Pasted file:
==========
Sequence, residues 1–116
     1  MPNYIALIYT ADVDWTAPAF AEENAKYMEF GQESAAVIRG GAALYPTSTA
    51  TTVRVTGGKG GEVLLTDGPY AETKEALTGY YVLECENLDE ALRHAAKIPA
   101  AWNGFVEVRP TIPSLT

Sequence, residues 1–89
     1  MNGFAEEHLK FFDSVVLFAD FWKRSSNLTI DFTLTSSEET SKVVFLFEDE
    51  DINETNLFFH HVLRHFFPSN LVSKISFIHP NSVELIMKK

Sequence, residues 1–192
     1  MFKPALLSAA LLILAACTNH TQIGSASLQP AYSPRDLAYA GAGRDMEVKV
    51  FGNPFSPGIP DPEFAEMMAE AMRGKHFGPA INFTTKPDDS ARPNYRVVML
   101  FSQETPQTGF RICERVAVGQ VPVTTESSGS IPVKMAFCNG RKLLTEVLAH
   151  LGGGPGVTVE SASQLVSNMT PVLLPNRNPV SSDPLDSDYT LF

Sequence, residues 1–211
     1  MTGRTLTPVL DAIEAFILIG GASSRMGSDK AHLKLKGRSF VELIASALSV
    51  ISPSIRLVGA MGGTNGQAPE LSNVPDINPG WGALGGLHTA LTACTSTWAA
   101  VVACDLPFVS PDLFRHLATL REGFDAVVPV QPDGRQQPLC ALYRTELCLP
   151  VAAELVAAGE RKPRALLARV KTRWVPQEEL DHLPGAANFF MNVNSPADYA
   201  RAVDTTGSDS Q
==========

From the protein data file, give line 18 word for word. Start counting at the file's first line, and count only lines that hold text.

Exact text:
   201  RAVDTTGSDS Q